Cyberlaw Predictions: International Pressure on Internet Governance

This post is the ninth in a series of predictions from legal and business experts about the directions cyberlaw policy might take in 2013, solicited by editors of BNA's Electronic Commerce & Law Report during the closing weeks of 2012. We asked that the remarks be brief -- something along the lines of a Twitter "tweet" or an elevator pitch. Over 100 attorneys, law professors, online business executives, policy advocates and other cyberlaw experts responded, producing 307 separate assessments, predictions, or just plain complaints regarding any of the many legal subject areas that affect online businesses.

Most folks in the internet community are passionate about keeping the government role in internet policymaking to an absolute minimum. They've held their own for the past few decades, but now that the internet has become such a great economic and social force, fending off pressure from governments to control how and where the internet works is a constant battle in the online industry.

The most recent skirmish took place in Dubai last December, when U.S. negotiators rejected a telecom treaty produced at the World Conference on International Telecommunications (WCIT), largely due to concerns about treaty language relating to “internet governance.” U.S. negotiators feared that inclusion of internet governance language in the treaty would bring with it great involvement from the International Telecommunication Union and other governments who have expressed a keen interest in asserting greater control over the internet.


The fight to keep the United Nations/ITU/Russia/China et al out of the internet governance business now moves to Geneva, where the Fifth World Telecommunication/ICT Policy Forum (WTPF) will be held May 14-16. Unlike WCIT, which dealt with a broad spectrum of telecommunications issues, the WTPF talks will be devoted exclusively to internet governance.

Discussions at WTPF will be guided by the issues outlined in ITU Secretary-General Hamadoun Toure's discussion paper on internet governance. Toure's paper doesn't come out and advocate for any particular policy position. However, the overall tone of the paper is very critical of the Internet Corporation for Assigned Names and Numbers and is supportive of greater government involvement in internet policymaking.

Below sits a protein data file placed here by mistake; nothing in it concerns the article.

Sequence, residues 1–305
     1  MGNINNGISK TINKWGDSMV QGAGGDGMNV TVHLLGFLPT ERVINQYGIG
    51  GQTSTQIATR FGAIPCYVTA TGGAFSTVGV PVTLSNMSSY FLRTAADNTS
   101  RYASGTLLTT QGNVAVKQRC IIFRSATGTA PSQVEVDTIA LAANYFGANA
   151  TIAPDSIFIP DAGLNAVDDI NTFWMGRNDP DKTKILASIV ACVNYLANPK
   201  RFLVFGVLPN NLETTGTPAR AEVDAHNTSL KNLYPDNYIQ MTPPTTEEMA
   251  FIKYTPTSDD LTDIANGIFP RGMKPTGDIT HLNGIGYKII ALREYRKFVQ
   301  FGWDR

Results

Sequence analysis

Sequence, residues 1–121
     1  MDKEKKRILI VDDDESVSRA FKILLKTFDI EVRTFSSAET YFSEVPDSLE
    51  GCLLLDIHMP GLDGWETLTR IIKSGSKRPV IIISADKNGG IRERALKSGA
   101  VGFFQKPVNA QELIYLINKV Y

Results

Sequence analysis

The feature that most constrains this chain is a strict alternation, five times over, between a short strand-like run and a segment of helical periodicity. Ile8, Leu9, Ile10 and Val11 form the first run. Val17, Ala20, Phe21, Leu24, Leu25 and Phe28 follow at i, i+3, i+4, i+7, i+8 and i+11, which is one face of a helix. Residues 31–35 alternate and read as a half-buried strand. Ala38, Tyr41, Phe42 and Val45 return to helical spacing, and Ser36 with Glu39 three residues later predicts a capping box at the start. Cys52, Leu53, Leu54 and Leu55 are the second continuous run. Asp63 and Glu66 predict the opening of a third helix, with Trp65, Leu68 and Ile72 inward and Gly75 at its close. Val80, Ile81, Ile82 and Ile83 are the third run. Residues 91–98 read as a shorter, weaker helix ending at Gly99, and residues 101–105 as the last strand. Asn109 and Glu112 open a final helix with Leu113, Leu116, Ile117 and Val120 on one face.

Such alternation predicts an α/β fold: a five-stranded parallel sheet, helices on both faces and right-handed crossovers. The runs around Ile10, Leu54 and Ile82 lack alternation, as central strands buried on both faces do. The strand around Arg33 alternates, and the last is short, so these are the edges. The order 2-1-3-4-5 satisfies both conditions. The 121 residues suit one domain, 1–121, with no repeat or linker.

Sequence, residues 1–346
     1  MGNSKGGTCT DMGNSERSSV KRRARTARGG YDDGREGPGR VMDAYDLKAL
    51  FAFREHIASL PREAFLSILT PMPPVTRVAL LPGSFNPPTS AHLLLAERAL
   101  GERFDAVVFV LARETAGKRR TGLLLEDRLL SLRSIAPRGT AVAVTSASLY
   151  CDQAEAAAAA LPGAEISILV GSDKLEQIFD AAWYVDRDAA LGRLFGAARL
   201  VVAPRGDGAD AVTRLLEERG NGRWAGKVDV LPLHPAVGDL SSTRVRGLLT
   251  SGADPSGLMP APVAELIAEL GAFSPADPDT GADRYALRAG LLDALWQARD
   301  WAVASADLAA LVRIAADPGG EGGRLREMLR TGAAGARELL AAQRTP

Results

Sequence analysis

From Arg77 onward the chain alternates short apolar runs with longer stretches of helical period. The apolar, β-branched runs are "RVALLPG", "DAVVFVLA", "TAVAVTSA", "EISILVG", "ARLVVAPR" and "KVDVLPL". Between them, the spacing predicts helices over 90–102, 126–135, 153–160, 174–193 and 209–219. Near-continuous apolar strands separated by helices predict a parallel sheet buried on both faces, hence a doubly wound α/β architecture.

The discussion paper is written in a maddening, faux-neutral style that doesn't quite succeed in projecting an impartial author. Toure's discussion of the topic of internet governance is sprinkled with dozens of drive-by shootings like "Some note [insert criticism of ICANN here]" and "Some take the view [insert criticism of ICANN here]" and "Some have pointed out [insert criticism of ICANN here]." In fact, as I was reading the paper again this morning, I came across so many invocations of the authority of "Some," and so little effort to examine the accuracy of Some's assertions, that I started taking notes. I found it amusing. Perhaps all diplomats speak this way.

The following lists Toure's many citations to the authority of "Some" and in parenthesis the number of times Some was invoked in that manner:

  • "Some are concerned" (3 times)
  • "Some have raised concerns" (1)
  • "There is some concern" (1)
  • "Some remain concerned" (1)
  • "Some note" (7)
  • "Some have stated" (6)
  • "Some say" (5)
  • "Some have expressed concern" (1)
  • "Some believe" (1)
  • "Some recommend" (1)
  • "According to some" (2)
  • "Some have clarified" (1)
  • "Some have pointed out" (1)
  • "Some others point out" (4)
  • "Some have cautioned" (2)
  • "Some have stressed" (1)
  • "Some have suggested" (3)
  • "Some have commented" (1)
  • "Some others identify a specific role for governments" (1)
  • "Some hold the view" (4)
  • "Some take the view" (2)

In nearly every case, Some had a zinger for ICANN or a complaint that governments are not sufficiently involved in internet governance. If Some believes that the International Telecommunication Union has no business regulating the internet, Toure didn't mention it.

The WSIS Forum 2013, another UN-sponsored conference on internet governance questions, will be taking place in Geneva during the WTPF event. Later in 2013, the ITU will hold its plenipotentiary meeting in Korea, where internet governance issues will certainly come up again.

The experts' views:

The Internet is what it is because most governments haven't meddled with it. We need to keep it that way. Paul Stahura, @stahura, CEO, Donuts Inc., Bellevue, Wash.

It is ultimately the users that define what the Internet is and what it will become. Lynn St. Amour, @LynnStAmour, President/CEO, Internet Society, Geneva, Switzerland/Reston, Va.